I started to call this post “7 Habits of Happy Homemakers.” I like the alliteration, but realize more goes into making home a happy place than keeping things clean and tidy. So I changed it.
Still, housekeeping does play an important role. A well-kept home can definitely improve the mood of everyone in it.
When our homes are tidy and well-organized, family members can relax and breathe easy. They can find what they need when they need it. Drawers contain an ample supply of clean silverware, clean underwear, or pens that actually work.
They can open closet doors without fearing an avalanche. Clothes hang neatly from their hangers, labeled bins keep accessories organized, shoes stand at the ready on their designated shelf.
When unexpected guests drop by, the family who lives in a clean and clutter-free home can invite them in without shame or embarrassment.
I’m not saying our homes need to be sterile showrooms. My house definitely looks “lived in.” With seven children still at home and others visiting frequently, our place would rarely pass a white glove test.
But by sticking to the following habits consistently, we are able to keep our home tidy and reasonably clean.
My Housekeeping Strategy:
Send clutter packing
If you don’t use it, like it, or need it, don’t keep it! Purge your closets of ill-fitting clothes. Clean mismatched storage lids and obsolete kitchen gadgets from your cabinets.
Deposit junk mail, used tea bags, and other trash directly in the garbage bin. If something is broken, either repair it or replace it. Or, if it isn’t essential, throw it away and do without.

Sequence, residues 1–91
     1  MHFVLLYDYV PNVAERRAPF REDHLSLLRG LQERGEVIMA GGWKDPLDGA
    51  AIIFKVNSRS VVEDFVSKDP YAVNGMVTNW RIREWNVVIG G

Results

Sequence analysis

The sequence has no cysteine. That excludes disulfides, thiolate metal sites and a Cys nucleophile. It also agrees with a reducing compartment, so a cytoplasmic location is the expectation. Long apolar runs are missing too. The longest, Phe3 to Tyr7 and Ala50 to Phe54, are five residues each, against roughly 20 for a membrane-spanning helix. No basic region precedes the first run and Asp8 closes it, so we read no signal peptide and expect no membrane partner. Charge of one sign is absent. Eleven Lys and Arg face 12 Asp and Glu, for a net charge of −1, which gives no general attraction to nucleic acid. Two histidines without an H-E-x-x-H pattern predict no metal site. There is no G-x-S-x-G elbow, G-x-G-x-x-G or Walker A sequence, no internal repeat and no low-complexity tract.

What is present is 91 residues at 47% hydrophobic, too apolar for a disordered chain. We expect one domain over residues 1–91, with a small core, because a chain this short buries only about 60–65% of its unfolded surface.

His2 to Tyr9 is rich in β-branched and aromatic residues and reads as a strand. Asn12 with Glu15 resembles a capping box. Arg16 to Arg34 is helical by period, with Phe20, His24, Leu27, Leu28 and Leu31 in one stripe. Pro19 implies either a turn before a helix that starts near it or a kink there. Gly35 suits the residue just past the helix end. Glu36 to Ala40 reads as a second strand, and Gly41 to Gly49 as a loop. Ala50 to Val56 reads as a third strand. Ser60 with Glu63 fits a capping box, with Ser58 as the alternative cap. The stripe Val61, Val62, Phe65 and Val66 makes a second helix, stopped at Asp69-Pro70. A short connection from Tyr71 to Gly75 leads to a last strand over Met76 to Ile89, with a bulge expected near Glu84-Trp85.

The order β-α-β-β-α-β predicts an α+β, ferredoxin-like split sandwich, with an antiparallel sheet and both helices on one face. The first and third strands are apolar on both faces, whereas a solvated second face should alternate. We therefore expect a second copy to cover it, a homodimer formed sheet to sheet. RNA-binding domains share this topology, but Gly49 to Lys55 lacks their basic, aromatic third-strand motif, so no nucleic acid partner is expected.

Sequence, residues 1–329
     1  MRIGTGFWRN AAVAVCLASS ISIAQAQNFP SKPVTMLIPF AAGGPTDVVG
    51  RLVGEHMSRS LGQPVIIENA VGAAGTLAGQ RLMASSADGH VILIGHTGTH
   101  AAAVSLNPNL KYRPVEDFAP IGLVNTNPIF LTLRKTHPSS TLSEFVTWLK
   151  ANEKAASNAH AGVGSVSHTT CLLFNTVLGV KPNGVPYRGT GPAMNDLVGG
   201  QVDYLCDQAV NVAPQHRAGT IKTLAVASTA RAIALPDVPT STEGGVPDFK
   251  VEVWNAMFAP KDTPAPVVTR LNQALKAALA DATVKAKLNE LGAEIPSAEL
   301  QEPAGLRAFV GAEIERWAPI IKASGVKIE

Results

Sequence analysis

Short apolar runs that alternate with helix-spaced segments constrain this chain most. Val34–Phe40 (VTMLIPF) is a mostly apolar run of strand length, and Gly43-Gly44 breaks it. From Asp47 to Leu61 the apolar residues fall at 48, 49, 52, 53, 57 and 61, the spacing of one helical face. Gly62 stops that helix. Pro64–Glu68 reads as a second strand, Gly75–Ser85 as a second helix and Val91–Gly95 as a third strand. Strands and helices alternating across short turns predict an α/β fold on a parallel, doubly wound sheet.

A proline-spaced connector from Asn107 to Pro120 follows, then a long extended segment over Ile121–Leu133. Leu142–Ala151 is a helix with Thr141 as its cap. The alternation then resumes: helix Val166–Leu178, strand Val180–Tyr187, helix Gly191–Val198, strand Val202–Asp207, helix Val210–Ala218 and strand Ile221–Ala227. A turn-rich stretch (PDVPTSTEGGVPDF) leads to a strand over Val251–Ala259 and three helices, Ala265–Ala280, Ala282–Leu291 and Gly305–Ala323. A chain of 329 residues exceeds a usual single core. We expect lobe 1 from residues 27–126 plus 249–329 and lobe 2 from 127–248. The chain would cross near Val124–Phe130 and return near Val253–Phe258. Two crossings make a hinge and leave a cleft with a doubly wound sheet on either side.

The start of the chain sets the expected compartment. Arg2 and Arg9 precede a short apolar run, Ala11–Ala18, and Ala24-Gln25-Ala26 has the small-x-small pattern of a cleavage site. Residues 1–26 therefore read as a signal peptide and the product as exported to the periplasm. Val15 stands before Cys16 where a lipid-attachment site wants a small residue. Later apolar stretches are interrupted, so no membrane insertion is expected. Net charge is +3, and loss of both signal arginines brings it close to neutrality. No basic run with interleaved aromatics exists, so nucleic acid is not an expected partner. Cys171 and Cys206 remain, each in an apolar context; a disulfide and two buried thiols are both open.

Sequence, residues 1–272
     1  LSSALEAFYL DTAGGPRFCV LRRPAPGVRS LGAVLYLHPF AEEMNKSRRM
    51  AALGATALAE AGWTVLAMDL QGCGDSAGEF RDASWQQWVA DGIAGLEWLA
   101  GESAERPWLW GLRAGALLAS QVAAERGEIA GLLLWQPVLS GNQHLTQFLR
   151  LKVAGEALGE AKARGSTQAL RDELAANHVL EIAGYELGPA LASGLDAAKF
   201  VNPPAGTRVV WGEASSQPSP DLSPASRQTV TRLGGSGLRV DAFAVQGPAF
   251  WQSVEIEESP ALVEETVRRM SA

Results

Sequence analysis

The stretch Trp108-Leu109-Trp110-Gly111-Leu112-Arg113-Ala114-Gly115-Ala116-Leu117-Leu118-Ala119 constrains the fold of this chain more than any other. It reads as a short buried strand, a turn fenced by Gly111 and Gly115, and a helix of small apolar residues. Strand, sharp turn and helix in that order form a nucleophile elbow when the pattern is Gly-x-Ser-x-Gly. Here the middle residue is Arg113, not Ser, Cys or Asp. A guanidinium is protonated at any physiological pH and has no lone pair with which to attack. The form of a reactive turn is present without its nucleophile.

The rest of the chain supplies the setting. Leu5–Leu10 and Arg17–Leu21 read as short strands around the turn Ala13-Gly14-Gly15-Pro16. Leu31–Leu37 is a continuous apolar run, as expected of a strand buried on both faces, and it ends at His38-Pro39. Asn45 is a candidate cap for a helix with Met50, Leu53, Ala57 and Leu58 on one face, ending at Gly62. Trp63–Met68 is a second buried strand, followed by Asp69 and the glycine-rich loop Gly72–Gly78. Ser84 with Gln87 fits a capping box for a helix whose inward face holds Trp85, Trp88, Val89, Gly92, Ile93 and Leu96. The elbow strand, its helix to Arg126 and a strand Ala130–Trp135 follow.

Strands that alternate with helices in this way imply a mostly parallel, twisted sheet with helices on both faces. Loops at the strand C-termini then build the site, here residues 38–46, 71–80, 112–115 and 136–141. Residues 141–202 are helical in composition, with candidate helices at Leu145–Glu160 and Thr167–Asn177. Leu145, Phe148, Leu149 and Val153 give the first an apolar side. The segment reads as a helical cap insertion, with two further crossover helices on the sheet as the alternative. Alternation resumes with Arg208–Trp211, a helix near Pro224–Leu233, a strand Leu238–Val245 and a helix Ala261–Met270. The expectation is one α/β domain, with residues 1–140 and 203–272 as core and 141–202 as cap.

Make it easy to put things away
As so many mothers have long repeated, “Have a place for everything and everything in place.” I’ll go one further than that.
If you want to get your family onboard with keeping things neat, make sure the place you pick for the things they use is easy to access. Consider investing in some double-duty decor. Trunks, baskets, and ottomans make great point-of-use storage places for favorite toys, books, or blankets.
If your toddler’s blocks will only fit in their box if he carefully stacks them inside following a certain arrangement, find a better box. He should be able to remove the lid and toss them all in quickly. Make it easy-peasy for him to pick up after himself. Otherwise, you’ll be the one putting his toys away every time he plays with them.
Do a little every day
Establish morning and evening routines that will keep you accountable for maintaining order. Make the beds first thing each morning. Since kids do what we inspect more than what we expect, check to be sure they’ve followed through with the task. Start a load of laundry every day before breakfast, transfer it to the dryer before lunch, fold and put it away before dinner. Clear all dirty dishes out of the sink and all piles of books and papers off your desk or countertop before bed every night.
These are a few examples that work for our family. Yours may be entirely different. The point is, once you get in the habit of cleaning up as you go — putting things back where they belong after every use, and requiring your children to do the same — keeping things tidy will become almost second nature.